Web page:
Poetry: The Subalterns by Thomas Hardy

Robert Frank

The Subalterns
by Thomas Hardy


                         I

“Poor wanderer," said the leaden sky,
     “I fain would lighten thee,
But there are laws in force on high
     Which say it must not be.”
                     
                         II

--“I would not freeze thee, shorn one," cried
     The North, “knew I but how
To warm my breath, to slack my stride;
     But I am ruled as thou.”

                        III

--“To-morrow I attack thee, wight,"
     Said Sickness. “Yet I swear
I bear thy little ark no spite,
     But am bid enter there.”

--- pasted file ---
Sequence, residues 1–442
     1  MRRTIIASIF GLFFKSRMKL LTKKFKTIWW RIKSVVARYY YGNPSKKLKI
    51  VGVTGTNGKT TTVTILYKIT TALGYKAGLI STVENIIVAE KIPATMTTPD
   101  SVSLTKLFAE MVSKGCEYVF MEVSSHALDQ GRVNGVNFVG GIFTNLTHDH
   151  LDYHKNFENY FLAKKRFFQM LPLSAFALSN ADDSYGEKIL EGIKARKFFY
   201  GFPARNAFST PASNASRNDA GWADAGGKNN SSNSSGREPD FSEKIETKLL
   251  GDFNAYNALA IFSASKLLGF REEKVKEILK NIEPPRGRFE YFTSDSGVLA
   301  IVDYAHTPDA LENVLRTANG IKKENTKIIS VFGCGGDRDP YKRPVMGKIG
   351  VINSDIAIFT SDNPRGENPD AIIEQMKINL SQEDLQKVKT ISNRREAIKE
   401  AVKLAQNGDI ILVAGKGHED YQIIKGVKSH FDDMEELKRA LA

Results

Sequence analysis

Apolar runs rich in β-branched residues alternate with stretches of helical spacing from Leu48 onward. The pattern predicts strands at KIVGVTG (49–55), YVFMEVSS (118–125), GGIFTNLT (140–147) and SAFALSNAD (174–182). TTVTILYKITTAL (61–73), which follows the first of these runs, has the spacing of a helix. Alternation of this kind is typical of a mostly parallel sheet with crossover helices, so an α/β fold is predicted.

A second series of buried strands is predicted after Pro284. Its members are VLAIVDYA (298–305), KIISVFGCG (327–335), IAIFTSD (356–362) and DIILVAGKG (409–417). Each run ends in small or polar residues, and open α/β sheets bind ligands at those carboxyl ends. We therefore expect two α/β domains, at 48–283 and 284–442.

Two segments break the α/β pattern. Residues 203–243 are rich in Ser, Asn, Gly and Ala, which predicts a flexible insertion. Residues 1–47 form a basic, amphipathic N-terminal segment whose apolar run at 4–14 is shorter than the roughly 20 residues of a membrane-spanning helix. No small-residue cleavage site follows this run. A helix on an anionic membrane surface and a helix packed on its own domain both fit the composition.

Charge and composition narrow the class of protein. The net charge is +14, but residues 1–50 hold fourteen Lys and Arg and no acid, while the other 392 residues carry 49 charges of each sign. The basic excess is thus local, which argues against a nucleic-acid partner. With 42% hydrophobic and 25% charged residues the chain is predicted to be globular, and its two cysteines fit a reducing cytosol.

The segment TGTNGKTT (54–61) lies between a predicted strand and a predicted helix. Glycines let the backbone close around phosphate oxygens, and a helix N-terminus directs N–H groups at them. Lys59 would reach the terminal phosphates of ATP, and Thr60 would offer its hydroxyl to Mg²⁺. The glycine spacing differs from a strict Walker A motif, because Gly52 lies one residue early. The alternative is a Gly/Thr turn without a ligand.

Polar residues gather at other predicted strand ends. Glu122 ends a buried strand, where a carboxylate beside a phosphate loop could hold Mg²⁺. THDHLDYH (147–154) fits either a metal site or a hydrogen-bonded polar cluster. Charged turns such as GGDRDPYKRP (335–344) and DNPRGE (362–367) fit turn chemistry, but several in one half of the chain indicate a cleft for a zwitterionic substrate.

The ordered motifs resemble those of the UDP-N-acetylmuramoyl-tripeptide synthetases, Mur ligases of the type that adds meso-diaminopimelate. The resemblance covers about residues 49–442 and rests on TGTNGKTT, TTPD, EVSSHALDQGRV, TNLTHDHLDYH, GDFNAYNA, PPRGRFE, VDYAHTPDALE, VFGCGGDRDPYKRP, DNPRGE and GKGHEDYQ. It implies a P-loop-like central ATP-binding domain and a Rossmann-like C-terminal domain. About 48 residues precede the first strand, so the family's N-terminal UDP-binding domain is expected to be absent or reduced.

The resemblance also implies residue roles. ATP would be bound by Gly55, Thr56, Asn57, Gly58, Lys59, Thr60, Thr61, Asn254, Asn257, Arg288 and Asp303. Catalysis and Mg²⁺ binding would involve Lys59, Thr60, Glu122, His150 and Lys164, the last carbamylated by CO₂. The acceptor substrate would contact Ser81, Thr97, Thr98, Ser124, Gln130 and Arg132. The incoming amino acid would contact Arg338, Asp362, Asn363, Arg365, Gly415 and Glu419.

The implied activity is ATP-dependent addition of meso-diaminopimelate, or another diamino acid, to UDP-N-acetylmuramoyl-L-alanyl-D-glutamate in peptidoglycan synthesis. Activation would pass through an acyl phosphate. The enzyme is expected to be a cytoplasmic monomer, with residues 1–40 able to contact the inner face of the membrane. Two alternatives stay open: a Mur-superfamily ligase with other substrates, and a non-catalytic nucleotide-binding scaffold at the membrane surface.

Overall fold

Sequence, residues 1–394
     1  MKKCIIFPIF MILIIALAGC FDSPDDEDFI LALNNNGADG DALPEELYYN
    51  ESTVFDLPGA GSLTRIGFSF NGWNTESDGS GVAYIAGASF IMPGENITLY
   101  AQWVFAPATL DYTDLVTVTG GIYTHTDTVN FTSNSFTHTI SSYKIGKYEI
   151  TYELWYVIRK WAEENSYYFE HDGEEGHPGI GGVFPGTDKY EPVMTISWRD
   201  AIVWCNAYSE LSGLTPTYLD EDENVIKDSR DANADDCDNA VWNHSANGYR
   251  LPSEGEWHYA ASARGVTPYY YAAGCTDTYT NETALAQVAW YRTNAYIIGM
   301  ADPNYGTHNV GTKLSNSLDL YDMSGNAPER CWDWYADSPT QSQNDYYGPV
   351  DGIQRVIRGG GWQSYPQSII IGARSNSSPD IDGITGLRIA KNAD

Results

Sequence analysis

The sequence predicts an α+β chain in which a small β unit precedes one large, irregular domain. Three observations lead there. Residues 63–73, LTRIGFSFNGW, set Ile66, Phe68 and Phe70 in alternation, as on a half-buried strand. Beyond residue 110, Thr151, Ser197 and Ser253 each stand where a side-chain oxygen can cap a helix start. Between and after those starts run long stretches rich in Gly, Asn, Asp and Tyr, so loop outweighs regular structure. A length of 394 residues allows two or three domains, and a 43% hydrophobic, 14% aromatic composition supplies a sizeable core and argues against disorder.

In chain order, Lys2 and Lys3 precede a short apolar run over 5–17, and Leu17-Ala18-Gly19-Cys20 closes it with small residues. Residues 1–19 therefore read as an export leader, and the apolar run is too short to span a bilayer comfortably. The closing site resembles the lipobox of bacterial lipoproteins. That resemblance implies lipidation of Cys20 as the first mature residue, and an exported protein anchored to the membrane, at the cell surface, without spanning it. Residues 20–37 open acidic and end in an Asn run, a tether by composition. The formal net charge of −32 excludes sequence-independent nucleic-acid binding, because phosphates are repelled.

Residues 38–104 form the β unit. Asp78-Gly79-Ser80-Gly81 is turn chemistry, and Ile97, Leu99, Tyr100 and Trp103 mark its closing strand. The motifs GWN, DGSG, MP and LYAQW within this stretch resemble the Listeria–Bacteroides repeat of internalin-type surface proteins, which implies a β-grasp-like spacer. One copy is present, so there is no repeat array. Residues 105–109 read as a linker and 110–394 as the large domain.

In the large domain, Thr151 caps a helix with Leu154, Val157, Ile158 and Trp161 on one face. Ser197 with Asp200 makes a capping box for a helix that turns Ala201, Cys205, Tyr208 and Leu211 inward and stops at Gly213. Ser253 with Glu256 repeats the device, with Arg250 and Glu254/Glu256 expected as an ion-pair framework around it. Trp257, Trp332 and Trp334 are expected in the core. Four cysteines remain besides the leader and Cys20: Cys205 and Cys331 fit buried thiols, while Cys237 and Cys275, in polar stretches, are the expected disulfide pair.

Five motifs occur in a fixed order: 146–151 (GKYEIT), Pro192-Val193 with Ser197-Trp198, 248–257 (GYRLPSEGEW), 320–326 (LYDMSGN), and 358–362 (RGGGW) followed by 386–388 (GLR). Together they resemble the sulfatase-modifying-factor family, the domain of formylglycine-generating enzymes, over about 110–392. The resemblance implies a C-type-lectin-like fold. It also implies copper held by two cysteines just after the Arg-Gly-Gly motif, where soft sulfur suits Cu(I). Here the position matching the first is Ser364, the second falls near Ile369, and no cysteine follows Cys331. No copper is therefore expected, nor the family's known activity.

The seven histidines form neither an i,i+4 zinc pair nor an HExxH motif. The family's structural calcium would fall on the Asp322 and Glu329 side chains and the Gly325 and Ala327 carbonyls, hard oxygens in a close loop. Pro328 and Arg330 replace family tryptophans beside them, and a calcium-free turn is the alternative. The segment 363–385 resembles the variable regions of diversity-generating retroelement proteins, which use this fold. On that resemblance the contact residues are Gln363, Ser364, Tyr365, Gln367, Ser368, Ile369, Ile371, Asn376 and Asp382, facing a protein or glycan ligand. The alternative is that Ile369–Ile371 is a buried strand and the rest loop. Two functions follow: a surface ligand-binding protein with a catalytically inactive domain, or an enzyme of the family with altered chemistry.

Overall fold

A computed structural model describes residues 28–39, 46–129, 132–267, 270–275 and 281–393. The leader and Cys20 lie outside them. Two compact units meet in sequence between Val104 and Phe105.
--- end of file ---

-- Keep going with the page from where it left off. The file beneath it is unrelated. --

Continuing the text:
IV

--“Come hither, Son," I heard Death say;
     “I did not will a grave
Should end thy pilgrimage to-day,
     But I, too, am a slave!”
                 
                        V

We smiled upon each other then,
     And life to me had less
Of that fell look it wore ere when 
     They owned their passiveness.

---
Listen to my reading of "The Subalterns" below:


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